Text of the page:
Here Strauch's book connects with Hall and Erikson's work; both of them saw adolescence as a normal stage of development that produced strange behaviors requiring adult patience and forbearance as well as a social moratorium on responsibility. Strauch does not discount the role of nurture but insists that the brain develops in response to environmental influences.
Still, she sees this largely as a physical process; Hall and Erikson both believed there was a physical basis for processes they understood in psychological terms. Strauch, by contrast, hardly uses the word "psychology," a sign of the discounting of the psyche as a space for inquiry in a society now more comfortable speaking of seratonin than egos and ids.
Although Strauch's emphasis is on the universals of brain development, the examples she draws on are from a narrow range of people whose adolescent children work hard and sleep little so they can compete for places in the schools where her brain researchers work. Many of the anecdotes she uses to illustrate the problems that teens experience concern kids who wind up at Harvard or Brown.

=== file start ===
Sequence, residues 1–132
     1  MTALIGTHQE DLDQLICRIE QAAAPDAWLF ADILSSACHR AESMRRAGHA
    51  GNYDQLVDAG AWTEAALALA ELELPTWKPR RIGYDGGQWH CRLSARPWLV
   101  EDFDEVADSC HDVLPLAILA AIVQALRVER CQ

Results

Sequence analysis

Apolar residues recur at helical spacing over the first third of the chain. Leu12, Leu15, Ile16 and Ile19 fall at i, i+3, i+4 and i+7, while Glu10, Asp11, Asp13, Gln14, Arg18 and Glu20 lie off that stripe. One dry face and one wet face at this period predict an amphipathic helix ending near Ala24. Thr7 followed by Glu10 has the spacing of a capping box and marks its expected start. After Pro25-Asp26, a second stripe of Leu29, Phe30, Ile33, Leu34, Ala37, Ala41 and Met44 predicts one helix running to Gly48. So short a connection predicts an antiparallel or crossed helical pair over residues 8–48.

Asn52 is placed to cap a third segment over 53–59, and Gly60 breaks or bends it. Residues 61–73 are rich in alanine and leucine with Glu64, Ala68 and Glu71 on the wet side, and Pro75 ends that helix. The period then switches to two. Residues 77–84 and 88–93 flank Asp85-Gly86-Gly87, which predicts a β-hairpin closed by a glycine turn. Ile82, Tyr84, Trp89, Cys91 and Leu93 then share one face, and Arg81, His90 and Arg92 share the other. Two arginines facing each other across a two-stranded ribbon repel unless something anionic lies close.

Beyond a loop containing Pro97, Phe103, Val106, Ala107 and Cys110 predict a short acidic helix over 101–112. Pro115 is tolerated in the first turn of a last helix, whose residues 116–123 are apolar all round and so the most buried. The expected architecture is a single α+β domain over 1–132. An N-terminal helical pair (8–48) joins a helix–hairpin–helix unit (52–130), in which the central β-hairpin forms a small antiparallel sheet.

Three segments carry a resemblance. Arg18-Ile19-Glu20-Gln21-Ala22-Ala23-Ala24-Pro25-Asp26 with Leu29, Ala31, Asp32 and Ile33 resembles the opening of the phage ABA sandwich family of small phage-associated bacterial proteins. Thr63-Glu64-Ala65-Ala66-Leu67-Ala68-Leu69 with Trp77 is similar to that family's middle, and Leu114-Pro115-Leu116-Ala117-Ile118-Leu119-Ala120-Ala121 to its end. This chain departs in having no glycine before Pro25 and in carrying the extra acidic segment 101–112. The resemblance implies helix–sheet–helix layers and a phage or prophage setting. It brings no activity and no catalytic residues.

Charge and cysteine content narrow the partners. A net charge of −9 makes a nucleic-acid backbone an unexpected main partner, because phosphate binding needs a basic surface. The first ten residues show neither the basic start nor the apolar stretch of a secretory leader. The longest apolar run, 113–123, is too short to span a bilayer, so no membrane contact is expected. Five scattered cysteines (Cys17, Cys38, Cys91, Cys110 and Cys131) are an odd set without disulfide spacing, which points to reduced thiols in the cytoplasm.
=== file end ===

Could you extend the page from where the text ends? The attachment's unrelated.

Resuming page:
These selective case studies permit Strauch to confirm that these strange-acting, dopamine-driven primals are really good, normal, high-achieving kids who haven't quite gotten it together yet. Her audience will be pleased and relieved.
But what of the other normal teens who do not go on to college, or those whose misbehavior does not shake out because they get caught up in the criminal justice system, become addicted or wind up on the streets? Neither of these books really addresses the problems of these children, but such issues are eerily present in Lynn Schofield Clark's From Angels to Aliens.